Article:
Effective January 1, 2011, for multiple element agreements entered into or materially modified after December 31, 2010, we follow the provisions of ASU No. 2009-13. During 2011, we did not enter into any new collaborations. In order to account for the multiple-element arrangements, we identify the deliverables included within the agreement and evaluate which deliverables represent separate units of accounting. Analyzing the arrangement to identify deliverables requires the use of judgment, and each deliverable may be an obligation to deliver services, a right or license to use an asset, or another performance obligation. A delivered item is considered a separate unit of accounting when the delivered item has value to the partner on a standalone basis based on the consideration of the relevant facts and circumstances for each arrangement. Factors considered in this determination include the research capabilities of the partner and the availability of research expertise in this field in the general marketplace. Arrangement consideration is allocated at the inception of the agreement to all identified units of accounting based on their relative selling price. The relative selling price for each deliverable is determined using vendor-specific objective evidence ("VSOE") of selling price or third-party evidence of selling price if VSOE does not exist. If neither VSOE nor third-party evidence of selling price exists, we use our best estimate of the selling price for the deliverable. The amount of allocable arrangement consideration is limited to amounts that are fixed or determinable. The consideration received is allocated among the separate units of accounting, and the applicable revenue recognition criteria are applied to each of the separate units. Changes in the allocation of the sales price between delivered and undelivered elements can impact revenue recognition but do not change the total revenue recognized under any agreement. Upfront license fee payments are recognized upon delivery of the license if facts and circumstances dictate that the license has standalone value from the undelivered items, which generally include research and development services and the manufacture of drug products, the relative selling price allocation of the license is equal to or exceeds the upfront


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license fee, persuasive evidence of an arrangement exists, our price to the partner is fixed or determinable, and collectability is reasonably assured. The adoption of this new accounting standard did not have a material impact on our results of operations or financial position.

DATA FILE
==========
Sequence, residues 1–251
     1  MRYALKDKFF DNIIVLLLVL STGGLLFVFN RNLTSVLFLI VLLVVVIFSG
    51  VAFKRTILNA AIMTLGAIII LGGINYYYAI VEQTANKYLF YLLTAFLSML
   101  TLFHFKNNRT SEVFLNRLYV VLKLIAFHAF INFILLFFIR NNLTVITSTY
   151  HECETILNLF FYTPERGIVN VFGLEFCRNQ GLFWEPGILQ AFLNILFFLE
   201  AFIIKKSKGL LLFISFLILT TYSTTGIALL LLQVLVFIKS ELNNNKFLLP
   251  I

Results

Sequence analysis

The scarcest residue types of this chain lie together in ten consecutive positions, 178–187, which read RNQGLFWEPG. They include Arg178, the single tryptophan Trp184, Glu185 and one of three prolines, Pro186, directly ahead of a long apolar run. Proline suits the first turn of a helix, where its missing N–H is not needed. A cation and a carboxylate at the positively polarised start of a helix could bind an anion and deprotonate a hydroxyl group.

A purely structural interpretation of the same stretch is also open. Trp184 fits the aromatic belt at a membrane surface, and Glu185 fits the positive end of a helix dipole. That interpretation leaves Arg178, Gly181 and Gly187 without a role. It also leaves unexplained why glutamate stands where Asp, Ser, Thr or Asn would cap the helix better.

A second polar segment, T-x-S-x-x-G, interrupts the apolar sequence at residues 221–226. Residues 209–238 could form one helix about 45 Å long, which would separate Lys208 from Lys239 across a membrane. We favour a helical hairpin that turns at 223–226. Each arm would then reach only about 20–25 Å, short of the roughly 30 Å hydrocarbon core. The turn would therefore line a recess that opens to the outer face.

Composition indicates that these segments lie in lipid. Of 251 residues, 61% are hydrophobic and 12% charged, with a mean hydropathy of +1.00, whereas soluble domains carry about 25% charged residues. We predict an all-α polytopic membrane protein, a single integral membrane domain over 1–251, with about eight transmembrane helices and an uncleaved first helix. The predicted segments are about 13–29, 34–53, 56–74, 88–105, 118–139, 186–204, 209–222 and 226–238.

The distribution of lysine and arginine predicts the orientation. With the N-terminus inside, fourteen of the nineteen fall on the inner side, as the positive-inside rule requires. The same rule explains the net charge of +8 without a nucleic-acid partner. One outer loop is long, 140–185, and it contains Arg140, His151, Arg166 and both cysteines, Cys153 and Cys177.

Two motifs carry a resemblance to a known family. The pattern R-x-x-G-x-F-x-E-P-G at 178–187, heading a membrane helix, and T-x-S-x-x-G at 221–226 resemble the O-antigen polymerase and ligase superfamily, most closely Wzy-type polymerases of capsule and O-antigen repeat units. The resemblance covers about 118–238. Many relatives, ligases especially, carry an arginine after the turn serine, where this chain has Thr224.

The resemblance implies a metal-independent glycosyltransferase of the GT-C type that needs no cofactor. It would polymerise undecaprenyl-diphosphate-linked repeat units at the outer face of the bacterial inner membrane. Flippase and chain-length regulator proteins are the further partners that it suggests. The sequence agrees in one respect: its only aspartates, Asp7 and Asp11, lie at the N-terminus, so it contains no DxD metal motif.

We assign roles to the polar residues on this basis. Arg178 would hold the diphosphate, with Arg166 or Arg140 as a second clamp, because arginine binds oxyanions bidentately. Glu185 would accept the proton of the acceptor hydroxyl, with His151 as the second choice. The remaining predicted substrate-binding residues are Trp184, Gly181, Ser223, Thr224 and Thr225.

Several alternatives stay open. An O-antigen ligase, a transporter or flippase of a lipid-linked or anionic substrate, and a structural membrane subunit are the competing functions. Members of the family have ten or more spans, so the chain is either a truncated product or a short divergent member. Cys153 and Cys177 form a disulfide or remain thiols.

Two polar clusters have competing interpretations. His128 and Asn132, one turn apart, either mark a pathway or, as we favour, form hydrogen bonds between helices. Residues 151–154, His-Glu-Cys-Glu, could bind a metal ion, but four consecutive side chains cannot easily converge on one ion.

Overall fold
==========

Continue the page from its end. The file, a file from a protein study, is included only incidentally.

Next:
Upfront license fee payments are deferred if facts and circumstances dictate that the license does not have standalone value. The determination of the length of the period over which to defer revenue is subject to judgment and estimation and can have a material impact on the amount of revenue recognized in a given period.

The terms of our collaboration agreements provide for milestone payments upon achievement of certain regulatory/development and sales-based events. Effective January 1, 2011, we adopted on a prospective basis the guidance under ASU No. 2010-17, "Revenue Recognition-Milestone Method". Under the Milestone Method of accounting, we recognize consideration that is contingent upon the achievement of a milestone in its entirety as revenue in the period in which the milestone is achieved only if the milestone is substantive in its entirety. A milestone is considered substantive when it meets all of the following three criteria: 1) The consideration is commensurate with either the entity's performance to achieve the milestone or the enhancement of the value of the delivered item(s) as a result of a specific outcome resulting from the entity's performance to achieve the milestone, 2) The consideration relates solely to past performance, and 3) The consideration is reasonable relative to all of the deliverables and payment terms within the arrangement. A milestone is defined as an event (i) that can only be achieved based in whole or in part on either the entity's performance or on the occurrence of a specific outcome resulting from the entity's performance, (ii) for which there is substantive uncertainty at the date the arrangement is entered into that the event will be achieved and